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  • Kaylynn Kattiyaman

DMCA - What it is and How to Navigate Through it

Written by: Kaylynn Kattiyaman

Copyright law exists to protect the rights and creations of artists and content creators alike. As copyright has evolved, however, the need for more streamlined protections have been implemented to prevent piracy and infringement. Whether you upload YouTube videos, stream on Twitch, or are interested in producing music on Spotify, you may have encountered or heard about an act known as the Digital Millennium Copyright Act (DMCA).

The DMCA is a subset of U.S. Copyright Law that specializes in takedown, removal, and putback of copyrighted content displayed on the Internet. Since its enactment in 1998, the Act provides a system for removing infringing content and provides alternatives for copyright holders to ensure control over their content and materials.

There are three goals dictated by the DMCA: (1) establish protections for online service providers in certain situations if their users engage in copyright infringement; (2) encourage copyright owners to give greater access to their works in digital formats through legal protections against unauthorized access to their works; and (3) make it unlawful to provide false copyright management information or to remove or alter that type of information in certain circumstances.

Section 512 - Safe Harbors and Notice-and-Takedown System

Section 512 contains two elements. First, it enables copyright owners to have infringing online content removed without pursuing litigation. Second, it facilitates the Internet industry by providing legal certainty for participating online service providers. Generally, this section ensures to protect online service providers from certain liabilities for copyright infringement if they cooperate with copyright owners to remove infringing content.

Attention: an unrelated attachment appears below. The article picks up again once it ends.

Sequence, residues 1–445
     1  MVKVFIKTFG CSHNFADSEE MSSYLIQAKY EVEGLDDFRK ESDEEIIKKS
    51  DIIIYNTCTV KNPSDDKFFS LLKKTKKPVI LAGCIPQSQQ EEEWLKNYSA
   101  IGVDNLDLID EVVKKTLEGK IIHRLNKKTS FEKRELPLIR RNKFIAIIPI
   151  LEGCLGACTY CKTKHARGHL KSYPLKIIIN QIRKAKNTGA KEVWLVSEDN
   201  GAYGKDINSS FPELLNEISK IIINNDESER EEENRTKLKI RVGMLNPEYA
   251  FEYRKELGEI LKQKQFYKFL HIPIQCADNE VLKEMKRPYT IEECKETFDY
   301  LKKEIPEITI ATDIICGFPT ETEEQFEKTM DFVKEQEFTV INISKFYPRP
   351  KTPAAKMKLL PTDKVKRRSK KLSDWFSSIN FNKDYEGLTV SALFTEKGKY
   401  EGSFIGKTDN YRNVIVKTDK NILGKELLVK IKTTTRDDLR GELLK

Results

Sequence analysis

Section 1201 and 1202 - Anticircumvention and Copyright Management Information Protection

Section 1201 prohibits circumventing technological protection measures used by copyright owners to control their respective works. This section also prohibits manufacturing and trafficking of certain circumvention technologies, products, services, devices, or components

Section 1202 makes it unlawful to distribute false copyright management info for the purposes of inducing or concealing infringement. This section does not apply for investigative or security purposes, but instead more general elements of information such as the name of the author, the copyright owner, and the terms for use of the work.

Lawfully Navigating DMCA

Despite the rules implemented, it is common practice to see people borrow content without permission. One common way this may be excused is if the use of copyrighted material is considered fair use.

Under the Fair Use Doctrine, four elements must be weighed together. The first element is the purpose and character of the use, which asks whether a work has a transformed purpose that is distinct from the original content. The second element looks at the nature of the original work, which favors more creative works than those that are factual and public. The third element considers whether the amount of the original work was substantial in the infringing use. Finally, the fourth element measures the market harm and damages caused as a result of the infringing use.

If you have copyright or trademark related questions, or would like to register your copyright or trademark, contact Curington Law, LLC at (312) 766-6671 or online.

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